Electrical connections to the bushing must be flexible to permit bushing expansion and they must be cooled to prevent forming a low-melting platinum-copper alloy at the bushing connection junction. Three strands of 4/0 cable connected in parallel are used to connect each transformer bus to each bushing electrode. This gives a total current-carrying capacity of 1800 amperes. A water-cooled copper clamp makes the actual connection between the cable and the bushing electrode as is shown in Figure 3. Located below the bushing is a fibre blowing nozzle and a winding drum for continuous fibres. The molten stream of basalt passes through the centre of the nozzle and a high pressure cone of gas blows on the stream forming it into fibre.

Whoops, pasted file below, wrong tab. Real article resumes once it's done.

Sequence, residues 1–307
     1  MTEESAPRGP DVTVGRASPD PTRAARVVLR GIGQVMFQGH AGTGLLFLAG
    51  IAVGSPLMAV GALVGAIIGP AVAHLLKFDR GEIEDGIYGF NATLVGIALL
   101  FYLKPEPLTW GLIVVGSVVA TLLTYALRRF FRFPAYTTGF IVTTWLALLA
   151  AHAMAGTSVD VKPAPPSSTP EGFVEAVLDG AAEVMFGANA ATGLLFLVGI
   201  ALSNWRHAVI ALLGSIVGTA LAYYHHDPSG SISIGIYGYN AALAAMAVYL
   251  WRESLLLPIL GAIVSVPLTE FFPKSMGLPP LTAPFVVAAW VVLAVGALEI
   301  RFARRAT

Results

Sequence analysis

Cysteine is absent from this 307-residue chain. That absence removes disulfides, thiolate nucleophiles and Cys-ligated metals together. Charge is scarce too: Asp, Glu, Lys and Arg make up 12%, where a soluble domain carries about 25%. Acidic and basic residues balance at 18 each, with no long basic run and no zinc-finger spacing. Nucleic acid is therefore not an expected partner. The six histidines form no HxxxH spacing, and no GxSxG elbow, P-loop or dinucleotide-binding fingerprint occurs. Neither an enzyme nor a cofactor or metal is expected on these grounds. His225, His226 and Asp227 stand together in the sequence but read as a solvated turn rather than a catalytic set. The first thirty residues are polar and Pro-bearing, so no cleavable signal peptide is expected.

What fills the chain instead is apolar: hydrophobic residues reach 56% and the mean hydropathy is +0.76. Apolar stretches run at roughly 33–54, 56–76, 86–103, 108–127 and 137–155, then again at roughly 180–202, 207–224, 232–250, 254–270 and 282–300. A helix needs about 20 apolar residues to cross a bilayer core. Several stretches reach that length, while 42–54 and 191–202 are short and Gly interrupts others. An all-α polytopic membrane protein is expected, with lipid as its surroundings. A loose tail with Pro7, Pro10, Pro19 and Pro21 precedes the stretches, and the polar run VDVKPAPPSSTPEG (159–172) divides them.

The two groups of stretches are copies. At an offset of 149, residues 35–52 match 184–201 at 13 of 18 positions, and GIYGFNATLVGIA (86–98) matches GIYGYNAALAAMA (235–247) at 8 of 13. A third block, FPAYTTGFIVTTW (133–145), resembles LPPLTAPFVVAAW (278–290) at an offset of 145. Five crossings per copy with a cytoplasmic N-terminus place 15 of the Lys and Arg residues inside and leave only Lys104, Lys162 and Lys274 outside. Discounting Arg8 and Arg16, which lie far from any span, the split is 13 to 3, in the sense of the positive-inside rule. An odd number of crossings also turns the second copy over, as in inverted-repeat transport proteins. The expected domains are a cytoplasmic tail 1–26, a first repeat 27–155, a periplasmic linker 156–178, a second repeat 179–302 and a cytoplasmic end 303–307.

To begin the actual formation of fibres, degassed marbles of basalt were first formed by melting crushed rock, taken from the Whitlow Quarry site, in an alumina crucible. These marbles were used to charge the platinum alloy bushing. At a temperature of 1250 to 1300°C a droplet formed on the tip of the nozzle could easily be drawn into the fibre by extending it with an alumina rod. The fibre being drawn from the nozzle is shown in Figure 4. The fibre tip was attached to a revolving drum and a quantity of continuous fibre formed. By varying the drawing speed of the fibre and temperature of the melt, fibres of a wide size range could be produced. For example, at a drawing speed of 12 metres per second and a nozzle temperature of 1325°C a fibre of 7 microns was produced, while at 4 metres per second and 1285°C a fibre of 17 microns was produced. It was found that very fine fibres could also be formed by situating an air nozzle about 10 cm below the bushing and blowing fibres with a core of high pressure air. This process resulted in a matte of staple fibres which was collected on a screen.